• Family offices – single or multi-family, representing wealthy families and high net worth investors
  • Sovereign wealth funds – government funds or investment companies, usually setting aside and investing windfalls from a natural resource with the intention of intergenerational transfer or reserve management

Asset owners control trillions of assets, as per the summary table below.

:::Desktop:asset owners.png
Source: BlackRock – as above

While it may appear that asset owner institutional investors are large enough to make their own investment decisions, this is not true. At least, it has not always been the case. The increasing complexity of the investment landscape has meant that even institutional investors seek the advice of specialists.

For example, pension funds tend to be located in one geography (country or a state within a country) and hence, may not have a global network to scout for investment opportunities around the world. Insurance companies also tend to be national. University endowments might be limited to a specific city that the university is based in. Hence, it’s reasonable that they would seek advice from specialist investment firms that have global networks.

The Indian media expects the specialist investment advice providers to be global investment banks such as JP Morgan, Goldman Sachs etc. However, these are ‘sell side’ firms with obvious conflicts of interest. They sell securities to the asset managers – so they can’t advise asset owners to select the same asset managers.

Enter the investment consultant.

Gatekeepers have evolved from pension fund consulting to OCIOs

One of the earliest type of asset owners were pension funds. Pension funds started as ‘defined-benefit’ (DB) plans i.e. the employer would promised a pre-defined retirement or pension benefit to its employees, typically a fraction of the salary at retirement date for the rest of his and his spouse’s lives. Anyone interested in the history of defined benefit plans, can read this summary – https://russellinvestments.com/-/media/files/us/insights/institutions/defined-benefit/defined-benefit-plans-a-brief-history.pdf?la=en).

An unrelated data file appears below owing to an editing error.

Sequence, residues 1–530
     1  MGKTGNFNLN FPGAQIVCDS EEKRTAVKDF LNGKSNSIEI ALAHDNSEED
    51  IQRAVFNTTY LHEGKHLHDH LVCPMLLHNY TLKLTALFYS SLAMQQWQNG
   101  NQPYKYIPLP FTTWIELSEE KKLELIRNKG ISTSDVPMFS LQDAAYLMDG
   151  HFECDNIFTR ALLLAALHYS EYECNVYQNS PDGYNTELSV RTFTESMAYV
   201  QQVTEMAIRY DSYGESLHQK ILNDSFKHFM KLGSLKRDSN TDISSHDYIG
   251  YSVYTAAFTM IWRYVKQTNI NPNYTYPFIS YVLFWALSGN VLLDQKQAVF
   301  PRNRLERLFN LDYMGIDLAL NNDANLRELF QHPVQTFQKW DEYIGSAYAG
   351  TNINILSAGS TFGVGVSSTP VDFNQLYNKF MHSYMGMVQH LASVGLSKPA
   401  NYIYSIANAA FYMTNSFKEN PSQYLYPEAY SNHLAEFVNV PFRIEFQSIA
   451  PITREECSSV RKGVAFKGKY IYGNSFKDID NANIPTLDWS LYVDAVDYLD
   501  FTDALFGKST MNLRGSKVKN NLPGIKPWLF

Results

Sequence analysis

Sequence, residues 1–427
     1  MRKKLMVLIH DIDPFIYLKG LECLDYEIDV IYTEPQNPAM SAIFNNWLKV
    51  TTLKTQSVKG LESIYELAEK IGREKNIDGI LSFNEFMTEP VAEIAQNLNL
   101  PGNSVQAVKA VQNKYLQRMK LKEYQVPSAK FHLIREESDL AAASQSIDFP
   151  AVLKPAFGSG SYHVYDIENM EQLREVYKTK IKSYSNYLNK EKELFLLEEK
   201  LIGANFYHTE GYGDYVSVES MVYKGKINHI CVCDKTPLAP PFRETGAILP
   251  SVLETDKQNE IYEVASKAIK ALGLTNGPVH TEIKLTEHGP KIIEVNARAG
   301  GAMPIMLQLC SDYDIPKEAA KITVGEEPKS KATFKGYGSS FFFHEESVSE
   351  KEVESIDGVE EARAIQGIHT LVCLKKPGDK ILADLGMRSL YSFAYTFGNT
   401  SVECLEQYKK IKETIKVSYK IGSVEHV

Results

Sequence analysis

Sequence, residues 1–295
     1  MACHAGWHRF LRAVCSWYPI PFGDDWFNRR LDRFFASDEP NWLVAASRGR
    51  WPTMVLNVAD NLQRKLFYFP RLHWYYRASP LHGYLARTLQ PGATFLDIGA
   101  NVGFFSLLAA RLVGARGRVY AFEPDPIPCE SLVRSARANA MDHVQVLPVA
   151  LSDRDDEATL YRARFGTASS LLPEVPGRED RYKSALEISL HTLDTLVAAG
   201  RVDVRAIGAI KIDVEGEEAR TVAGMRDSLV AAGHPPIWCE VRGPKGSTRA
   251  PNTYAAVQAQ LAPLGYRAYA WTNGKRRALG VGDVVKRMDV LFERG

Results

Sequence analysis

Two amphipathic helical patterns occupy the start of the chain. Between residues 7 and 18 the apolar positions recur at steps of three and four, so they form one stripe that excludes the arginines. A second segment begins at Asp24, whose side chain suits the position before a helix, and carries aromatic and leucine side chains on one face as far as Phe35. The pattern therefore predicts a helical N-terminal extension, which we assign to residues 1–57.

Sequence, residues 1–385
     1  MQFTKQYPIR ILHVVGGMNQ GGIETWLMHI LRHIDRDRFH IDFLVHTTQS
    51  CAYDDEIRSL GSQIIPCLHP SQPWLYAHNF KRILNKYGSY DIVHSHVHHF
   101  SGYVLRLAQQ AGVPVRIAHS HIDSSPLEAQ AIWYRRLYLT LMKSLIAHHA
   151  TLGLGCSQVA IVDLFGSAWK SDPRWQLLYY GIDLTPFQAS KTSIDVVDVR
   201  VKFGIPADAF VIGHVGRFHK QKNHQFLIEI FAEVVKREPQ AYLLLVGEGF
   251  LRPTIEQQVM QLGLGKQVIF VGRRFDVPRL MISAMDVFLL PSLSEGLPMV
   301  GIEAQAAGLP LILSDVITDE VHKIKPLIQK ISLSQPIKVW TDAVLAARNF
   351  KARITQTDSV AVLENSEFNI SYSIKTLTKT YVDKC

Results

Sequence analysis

The DB pension plans requires employer companies to set aside money in a separate trust to ensure it can meet its promise or liability. So the companies would ask their human resource (HR) consultants to not only help them design the benefit, but also calculate the extent of their liability. The HR consultants would hire actuaries to help with the liability calculation as it requires an estimation of retirees’ mortality rates.

Over time, these actuaries started helping the DB-plan sponsor employers not only with the liabilities, but also with advice on how to invest the assets, now sitting in a separate trust. That’s how this team, within the HR consulting firm, got to be known as ‘asset consultants’. This is how HR consulting firms like William M Mercer (now called Mercer), Towers Watson etc got into asset consulting, which is now called investment consulting.

Over time, firms with other i.e. non-HR/pension fund consulting backgrounds started offering specialist investment consulting services, hence the top 10 firms have different pedigrees.

Largest 10 investment consulting firms

:::Desktop:consultants:PI consultants list.png
Source: PIonline.com (https://researchcenter.pionline.com/v3/rankings/consultant/datatable)

The most common services provided by these major players include – _

  • Plan design
  • Development of investment objectives and investment policy statements
  • Benchmark selection
  • Operational audits